You write that the struggle of the poor is invisibility. In what way did Marikana make them visible?
We, the non-poor, only notice the poor when they manage to break through the invisibility shield that society sustains. That breach is achieved by transgression – when someone violates our space or property, or when a community stands up, like at Marikana. Typically, we react with panic. Yet most of us tend not to reach for the ADT panic button as our pockets are continually rifled by the robber barons of big business and political elites, white capital and tenderpreneurs. Only when people began to die at Marikana, did we take note – initially because the markets were worried about Lonmin’s stocks. Therein lies the contradiction: miners, spaza shop owners, laundry women and pit toilet diggers depend on Lonmin more than the rich investors do, yet their needs are not taken into account. This despite their votes being the currency that enables the patronage and crony capital that government depends on to extend their rule.

The Marikana massacre is a rip in the fabric of a society we thought we were mending. What do you feel is the biggest lesson we should learn about what happened?
The truth behind what happened at Marikana has rent a hole through our illusion of a just society, of South Africans as a lamp for the world. Marikana and its aftermath have revealed the venality of our leaders, the grubbiness within the swankiest boardrooms, the dull, uncaring gaze of the average South African upon cold-blooded executions by the forces of law, murder by the desperate and grasping, corruption flaunted without shame. We need to reclaim our soul.

Book details

Barry Ronge Prize shortlist: Kopano Matlwa discusses her novel Period Pain

Published in the Sunday Times

Period Pain

Period Pain
Kopano Matlwa (Jacana Media)

I write because I need to. It is through writing that I try (or at least attempt) to make sense of the world. I wrote Period Pain because I needed to, because it was through writing it that I began to work through my own disappointments with our “new South Africa” and remind myself why it is, despite the decay, I still believe in the South African dream.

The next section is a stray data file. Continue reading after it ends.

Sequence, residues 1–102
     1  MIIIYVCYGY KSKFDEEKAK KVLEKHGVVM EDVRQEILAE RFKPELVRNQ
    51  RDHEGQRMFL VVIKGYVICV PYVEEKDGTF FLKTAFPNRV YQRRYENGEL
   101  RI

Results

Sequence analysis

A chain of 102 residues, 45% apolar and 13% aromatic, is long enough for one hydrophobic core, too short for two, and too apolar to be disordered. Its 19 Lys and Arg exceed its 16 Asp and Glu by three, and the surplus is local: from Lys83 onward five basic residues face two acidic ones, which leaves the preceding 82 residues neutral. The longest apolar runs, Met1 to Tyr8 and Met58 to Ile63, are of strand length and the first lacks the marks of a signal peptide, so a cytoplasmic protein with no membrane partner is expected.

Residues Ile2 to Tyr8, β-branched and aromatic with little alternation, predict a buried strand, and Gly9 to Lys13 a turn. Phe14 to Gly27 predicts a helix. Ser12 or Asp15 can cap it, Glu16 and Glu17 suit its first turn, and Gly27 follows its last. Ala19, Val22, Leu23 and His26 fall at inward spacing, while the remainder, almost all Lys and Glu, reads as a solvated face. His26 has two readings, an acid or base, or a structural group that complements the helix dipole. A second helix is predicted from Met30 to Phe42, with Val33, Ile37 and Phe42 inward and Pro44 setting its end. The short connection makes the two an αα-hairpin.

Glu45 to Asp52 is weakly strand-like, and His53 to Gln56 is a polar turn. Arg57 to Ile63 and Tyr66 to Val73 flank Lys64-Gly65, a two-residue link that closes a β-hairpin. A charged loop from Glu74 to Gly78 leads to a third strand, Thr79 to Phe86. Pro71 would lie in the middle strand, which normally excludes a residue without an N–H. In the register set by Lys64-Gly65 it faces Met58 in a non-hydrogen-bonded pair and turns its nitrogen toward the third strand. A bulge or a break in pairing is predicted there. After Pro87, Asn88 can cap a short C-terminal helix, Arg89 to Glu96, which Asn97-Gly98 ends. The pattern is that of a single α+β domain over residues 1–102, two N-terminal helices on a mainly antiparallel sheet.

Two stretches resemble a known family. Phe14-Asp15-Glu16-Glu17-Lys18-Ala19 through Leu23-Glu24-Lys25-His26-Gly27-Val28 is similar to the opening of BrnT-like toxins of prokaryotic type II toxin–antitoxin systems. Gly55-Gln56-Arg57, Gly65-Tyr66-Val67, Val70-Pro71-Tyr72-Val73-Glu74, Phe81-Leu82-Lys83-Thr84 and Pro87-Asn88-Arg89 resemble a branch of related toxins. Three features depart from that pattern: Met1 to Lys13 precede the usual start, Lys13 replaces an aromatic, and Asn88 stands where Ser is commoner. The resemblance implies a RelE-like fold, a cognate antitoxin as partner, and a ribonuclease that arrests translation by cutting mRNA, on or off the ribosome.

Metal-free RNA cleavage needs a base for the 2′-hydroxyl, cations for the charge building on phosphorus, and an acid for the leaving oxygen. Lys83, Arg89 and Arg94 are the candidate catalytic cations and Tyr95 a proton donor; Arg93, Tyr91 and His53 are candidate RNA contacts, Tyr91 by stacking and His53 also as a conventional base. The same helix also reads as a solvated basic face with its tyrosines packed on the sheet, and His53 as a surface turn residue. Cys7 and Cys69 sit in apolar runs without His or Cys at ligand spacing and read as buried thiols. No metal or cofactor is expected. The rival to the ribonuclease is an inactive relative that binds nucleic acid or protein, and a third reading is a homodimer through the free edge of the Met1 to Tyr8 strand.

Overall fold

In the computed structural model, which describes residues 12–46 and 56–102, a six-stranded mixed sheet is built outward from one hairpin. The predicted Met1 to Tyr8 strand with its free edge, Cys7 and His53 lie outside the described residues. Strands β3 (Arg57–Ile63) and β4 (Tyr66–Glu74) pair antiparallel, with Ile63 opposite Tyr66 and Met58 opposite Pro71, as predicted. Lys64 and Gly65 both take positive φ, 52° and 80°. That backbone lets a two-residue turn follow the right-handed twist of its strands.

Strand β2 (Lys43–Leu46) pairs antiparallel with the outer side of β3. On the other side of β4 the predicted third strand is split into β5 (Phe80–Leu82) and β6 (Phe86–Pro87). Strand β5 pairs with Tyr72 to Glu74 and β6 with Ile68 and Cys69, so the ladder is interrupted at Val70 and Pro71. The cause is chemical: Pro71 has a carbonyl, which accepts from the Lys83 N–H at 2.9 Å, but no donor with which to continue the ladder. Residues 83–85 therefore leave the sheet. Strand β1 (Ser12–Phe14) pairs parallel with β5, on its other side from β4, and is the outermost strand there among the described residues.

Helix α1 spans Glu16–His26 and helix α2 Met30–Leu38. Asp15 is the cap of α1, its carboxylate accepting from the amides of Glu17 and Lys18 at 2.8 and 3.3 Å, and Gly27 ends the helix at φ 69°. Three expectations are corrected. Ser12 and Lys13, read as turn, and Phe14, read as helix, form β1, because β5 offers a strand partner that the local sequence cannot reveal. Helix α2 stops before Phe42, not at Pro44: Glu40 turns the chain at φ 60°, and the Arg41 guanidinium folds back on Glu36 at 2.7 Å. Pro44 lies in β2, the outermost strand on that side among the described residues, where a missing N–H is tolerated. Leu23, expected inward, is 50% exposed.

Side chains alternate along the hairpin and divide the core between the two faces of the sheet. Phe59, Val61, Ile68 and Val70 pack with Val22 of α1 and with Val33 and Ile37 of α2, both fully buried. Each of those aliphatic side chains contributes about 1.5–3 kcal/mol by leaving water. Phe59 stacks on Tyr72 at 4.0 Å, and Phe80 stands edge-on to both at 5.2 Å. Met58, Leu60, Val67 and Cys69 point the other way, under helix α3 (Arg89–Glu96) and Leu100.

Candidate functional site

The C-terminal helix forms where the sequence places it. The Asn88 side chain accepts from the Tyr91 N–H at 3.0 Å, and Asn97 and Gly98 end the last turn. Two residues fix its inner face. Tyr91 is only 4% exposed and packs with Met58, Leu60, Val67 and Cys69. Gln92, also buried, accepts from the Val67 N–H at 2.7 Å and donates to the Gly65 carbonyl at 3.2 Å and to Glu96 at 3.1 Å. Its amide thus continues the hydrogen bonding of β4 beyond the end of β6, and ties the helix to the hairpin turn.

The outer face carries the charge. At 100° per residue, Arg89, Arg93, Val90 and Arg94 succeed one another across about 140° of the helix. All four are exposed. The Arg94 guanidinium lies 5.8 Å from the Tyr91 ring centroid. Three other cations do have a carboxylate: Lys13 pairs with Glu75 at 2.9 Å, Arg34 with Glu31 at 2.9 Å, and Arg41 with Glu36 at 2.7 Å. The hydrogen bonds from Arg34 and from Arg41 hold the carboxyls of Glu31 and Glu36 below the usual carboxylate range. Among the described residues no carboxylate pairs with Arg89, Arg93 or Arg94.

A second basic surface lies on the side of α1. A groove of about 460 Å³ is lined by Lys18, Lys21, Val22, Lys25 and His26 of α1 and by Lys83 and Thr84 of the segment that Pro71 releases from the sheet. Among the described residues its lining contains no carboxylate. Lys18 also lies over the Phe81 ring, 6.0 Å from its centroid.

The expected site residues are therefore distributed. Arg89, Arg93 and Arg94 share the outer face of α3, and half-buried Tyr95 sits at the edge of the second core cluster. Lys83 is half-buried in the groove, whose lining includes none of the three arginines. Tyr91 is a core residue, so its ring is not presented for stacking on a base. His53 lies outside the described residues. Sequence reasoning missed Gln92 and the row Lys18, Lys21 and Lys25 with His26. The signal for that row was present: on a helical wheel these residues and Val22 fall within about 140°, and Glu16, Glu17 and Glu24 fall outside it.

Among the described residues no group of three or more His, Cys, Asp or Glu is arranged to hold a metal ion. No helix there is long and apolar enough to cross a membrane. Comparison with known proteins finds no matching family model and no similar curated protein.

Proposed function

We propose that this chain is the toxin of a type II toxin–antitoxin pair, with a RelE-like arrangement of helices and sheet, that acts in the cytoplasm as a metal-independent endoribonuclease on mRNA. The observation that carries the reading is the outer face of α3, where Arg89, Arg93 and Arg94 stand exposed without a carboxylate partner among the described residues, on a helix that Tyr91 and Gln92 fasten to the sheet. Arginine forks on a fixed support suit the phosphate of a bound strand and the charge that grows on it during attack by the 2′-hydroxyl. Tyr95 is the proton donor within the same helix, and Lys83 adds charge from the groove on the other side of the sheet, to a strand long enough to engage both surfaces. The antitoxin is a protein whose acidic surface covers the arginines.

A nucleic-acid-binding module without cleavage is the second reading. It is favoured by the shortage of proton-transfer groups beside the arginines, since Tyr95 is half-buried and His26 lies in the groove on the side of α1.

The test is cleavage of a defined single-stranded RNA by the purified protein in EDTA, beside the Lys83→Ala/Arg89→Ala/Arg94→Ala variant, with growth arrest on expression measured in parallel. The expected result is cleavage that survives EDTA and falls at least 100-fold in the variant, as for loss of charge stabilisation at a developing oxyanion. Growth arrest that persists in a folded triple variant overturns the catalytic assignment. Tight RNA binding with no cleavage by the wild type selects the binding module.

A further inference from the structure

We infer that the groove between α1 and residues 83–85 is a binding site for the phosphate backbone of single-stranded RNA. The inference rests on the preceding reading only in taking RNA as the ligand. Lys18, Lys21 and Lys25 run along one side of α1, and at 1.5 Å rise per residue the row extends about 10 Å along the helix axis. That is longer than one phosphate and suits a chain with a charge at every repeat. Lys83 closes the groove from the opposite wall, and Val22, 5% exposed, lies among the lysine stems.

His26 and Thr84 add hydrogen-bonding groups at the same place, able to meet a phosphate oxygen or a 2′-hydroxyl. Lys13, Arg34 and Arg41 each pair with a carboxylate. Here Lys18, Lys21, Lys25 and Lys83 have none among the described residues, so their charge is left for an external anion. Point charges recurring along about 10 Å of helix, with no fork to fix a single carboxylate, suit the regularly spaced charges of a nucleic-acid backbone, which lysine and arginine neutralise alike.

Sometimes I write pages of pages of scraps without any sense of where those scraps are going, and then out of nowhere a title comes and it grips me, and I sigh a sigh of great relief because I know that I have a title and that means I’m writing a novel!

I’ve always had a fascination with how we as women relate to our bodies. I recall as a medical student or maybe someone told me the story and it made such an impression on me that I remember it as my own, I can’t be sure… It was during a rotating of an obstetrics and gynaecology module, and sitting in on a consultation between the gynaecologist on duty and a middle-age woman from one of Cape Town’s many disadvantaged communities.

The woman kept referring to her vagina as her ‘skaamte’ i.e. her shame. I remember being so struck by that. So saddened. So angry. So embarrassed. Her shame? Why shame? Who knows where titles come? Perhaps from the same magical place novels come from. I suppose in some subconscious way the title Period Pain came from a frustration with the shadow of contempt cast upon our bodies, by society, by men, by language, by ourselves, from a frustration with our bodies being the battlefield, the scapegoat, the excuse. And then there is also, of course, the pain of the period that South Africa is in but that’s probably a whole other topic for another day…


What is it inside of us that makes us so evil? And how do we become better? Why are we capable of so much harm and badness? How do we change? And stay changed?

Nyasha says her group of new intern doctors all have weaves. Twelve girls as black as night, with mops of plastic on their heads. She is annoyed.

‘Stupid girls. Book smart, but stupid. They can tell you the nerve that innervates the stapedius muscle, but they can’t see the foolishness in walking around with heaps of self-hatred on their heads.’

She wants me to get involved.

‘Why don’t you tell them, Chaba? These are your sisters, your South African sisters. Maybe if you speak to them, you can put some sense into their heads.’

I say nothing, so she continues. ‘We know we hate ourselves as black people. That we know. But now we’re exposing ourselves to white people, too. Now we are exposing this dark stain of self-hatred on our race. We’re giving them evidence that we are indeed a foolish, self-loathing people. A thing to be pitied. How much do those weaves cost? These girls have only been working a few months and already they’re enriching the industries that strive to oppress us instead of building our communities.’